I have been very pleased with how the production Wave system worked the first day.
Compared to the sandbox I enjoy working in the production system. It is nice to start it an almost empty mailbox, where you can start from. When you have said what you want you can archive the waves, and they will not pop in to you inbox.
I have had three (I’m a big shot) conversations with different peers in the wave system. It was easy and fast to communicate with them. The wave popped into my inbox, when somebody had any comments.
It would be nice to know if your peers was online, so you knew if the where able to respond. Or that you got a popup from the Google Talk gadget when a new wave was created for you.
There are some incoming waves that I have no reason to be a part of. I don’t know why these messages come into my inbox. It seem a kind of random. Is this the spam we will see in Wave. I don’t think anybody has created spam bots yet, thought it would be fairly easy to make.
I had a problem with my WP-BOT, which created a blog with the wave. The blog wp-bot.masteringwave.com uses the Wavr plugin. This plugin had hardcoded the some sources from the wave sandbox, because it nobody knew how it would be. I have created a but report on it.
I’m currently waiting for invites to the live Wave system,. The sandbox works still fine, so I can still collaborate. So an obvious choose is to follow up on what is happening and research for news. Try to have a look at the API’s for the system, and then you can start your development. Try to get the AppEngine plugin up and running.
There are some interesting blogs, to read for the day. ReadWriteWeb has an article on what to expect from the Wave launch, this gives some interesting pointers to how the launch will take place. Among that you can nominate 8 friends with invitations. There will be no new features for the wave system.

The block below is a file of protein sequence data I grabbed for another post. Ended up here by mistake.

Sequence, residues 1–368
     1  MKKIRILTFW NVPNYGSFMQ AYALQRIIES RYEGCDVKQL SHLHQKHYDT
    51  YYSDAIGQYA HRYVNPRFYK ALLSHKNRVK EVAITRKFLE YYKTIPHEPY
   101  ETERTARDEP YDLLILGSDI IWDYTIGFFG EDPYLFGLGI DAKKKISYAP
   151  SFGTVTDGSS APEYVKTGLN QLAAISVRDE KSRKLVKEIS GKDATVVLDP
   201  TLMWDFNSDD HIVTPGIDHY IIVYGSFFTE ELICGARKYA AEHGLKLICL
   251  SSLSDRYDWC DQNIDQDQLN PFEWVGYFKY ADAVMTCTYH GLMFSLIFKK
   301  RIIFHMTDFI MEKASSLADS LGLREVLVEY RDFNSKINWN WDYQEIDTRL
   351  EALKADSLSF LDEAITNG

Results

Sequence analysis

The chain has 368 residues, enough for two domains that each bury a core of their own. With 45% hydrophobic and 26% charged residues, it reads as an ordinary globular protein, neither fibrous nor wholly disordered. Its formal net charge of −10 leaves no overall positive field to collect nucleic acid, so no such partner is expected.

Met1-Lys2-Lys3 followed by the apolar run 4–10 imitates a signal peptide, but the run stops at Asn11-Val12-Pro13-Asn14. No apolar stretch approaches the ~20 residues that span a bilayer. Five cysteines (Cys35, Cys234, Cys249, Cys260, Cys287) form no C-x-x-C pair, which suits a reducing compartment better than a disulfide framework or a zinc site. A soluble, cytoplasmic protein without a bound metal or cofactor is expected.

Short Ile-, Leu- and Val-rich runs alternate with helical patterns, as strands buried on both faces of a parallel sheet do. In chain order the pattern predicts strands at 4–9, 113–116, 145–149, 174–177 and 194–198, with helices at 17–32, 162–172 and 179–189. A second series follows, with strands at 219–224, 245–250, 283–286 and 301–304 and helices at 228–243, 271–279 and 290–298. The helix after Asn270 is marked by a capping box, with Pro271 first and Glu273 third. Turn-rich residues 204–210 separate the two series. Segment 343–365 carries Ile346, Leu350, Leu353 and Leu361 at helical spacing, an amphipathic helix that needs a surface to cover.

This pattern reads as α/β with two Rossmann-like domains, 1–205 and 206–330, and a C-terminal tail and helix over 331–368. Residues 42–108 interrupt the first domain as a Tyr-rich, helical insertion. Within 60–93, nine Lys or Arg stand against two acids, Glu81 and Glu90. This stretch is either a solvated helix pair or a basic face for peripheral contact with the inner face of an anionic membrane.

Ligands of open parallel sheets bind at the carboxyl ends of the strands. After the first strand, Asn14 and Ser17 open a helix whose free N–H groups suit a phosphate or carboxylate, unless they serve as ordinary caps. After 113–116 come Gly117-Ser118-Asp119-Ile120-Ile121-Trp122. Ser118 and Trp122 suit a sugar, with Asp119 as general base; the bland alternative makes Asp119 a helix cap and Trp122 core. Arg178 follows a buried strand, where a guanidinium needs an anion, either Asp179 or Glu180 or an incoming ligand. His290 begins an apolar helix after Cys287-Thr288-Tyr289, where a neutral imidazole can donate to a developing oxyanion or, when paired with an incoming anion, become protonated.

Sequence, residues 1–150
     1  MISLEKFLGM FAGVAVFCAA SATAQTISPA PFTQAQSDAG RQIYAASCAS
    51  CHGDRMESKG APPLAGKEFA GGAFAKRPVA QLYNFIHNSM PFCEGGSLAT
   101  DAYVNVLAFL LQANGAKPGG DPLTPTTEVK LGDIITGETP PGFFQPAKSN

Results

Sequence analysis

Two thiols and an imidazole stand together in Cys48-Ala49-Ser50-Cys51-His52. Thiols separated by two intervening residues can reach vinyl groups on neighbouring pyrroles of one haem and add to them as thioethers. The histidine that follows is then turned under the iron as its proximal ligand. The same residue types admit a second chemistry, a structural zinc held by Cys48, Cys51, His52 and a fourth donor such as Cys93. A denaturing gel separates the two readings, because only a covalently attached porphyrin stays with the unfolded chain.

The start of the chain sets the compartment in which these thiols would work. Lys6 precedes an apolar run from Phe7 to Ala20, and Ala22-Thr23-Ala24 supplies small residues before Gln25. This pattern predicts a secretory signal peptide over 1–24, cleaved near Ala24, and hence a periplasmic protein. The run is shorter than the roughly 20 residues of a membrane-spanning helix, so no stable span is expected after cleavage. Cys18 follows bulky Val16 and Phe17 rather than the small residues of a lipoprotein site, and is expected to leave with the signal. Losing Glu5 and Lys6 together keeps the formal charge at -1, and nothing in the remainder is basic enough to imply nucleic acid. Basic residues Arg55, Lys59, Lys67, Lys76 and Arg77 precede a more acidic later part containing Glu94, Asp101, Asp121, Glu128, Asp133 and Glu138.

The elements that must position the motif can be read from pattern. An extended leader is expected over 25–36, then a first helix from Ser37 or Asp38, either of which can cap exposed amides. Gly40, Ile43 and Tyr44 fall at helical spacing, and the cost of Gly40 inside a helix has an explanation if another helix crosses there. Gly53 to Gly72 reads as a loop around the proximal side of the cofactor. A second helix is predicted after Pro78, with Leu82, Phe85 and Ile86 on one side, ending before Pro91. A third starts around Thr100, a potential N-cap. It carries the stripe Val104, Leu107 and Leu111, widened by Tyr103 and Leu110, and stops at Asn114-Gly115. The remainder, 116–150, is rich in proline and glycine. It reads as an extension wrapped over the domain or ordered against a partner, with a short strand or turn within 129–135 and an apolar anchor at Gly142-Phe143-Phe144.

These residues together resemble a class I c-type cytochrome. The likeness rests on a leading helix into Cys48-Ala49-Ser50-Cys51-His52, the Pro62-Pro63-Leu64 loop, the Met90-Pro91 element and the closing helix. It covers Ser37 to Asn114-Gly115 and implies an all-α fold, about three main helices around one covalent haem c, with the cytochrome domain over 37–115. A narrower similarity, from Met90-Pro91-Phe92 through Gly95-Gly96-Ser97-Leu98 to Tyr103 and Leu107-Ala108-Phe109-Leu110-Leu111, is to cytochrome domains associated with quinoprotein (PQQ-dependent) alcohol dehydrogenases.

Lars Rasmussen and Stephanie Hannon wrote about what he google blog. They write about the teams process and the fun they had when they was at a school and had the children write stories together. Lars and Stephanie believe that people will be more productive with wave when communicating and collaborating, which I believe is a large part of the day. I would have to agree with them.
Stephanie Hannon also wrote about what happened in the wave sandbox on the google blog. She mentions the SAP and Sales force as some of the vendors how have made some impressive demos of the potentials.
Stop checking the twitter channel for #googlewave, it is way to full today so you will just get a lot of messages. It is really difficult to follow the conversations. The just wait till people starts receiving the team had received of feedback and the use cases which was presented from the sandbox period.
So when you get online try to check out the maps gadget, Pamela Fox has made.
Then hope that you get an invitation. I just hope that I get an invitation for my domain, so I can start collaborating with the team.
Just found that a new JAVA API of the robots is available on the download site. The difference in the code can be seen on the changes page.
One interesting concept is the AbstractRobot which has been added. From my look at it this class gives is able to create the capabilities XML and the profile information. So you only need to implement one class and then you can have all the information you need one place. This will make it much easier to program robots. The Rave Ruby frameworks has something like this, you just implement the methods for each event you want to have. Then the framework can manage to create the capabilities XML file. The AbstractRobotServlet and ProfileServlet was not changed, this could lead to thoughts about deprecation of these classes.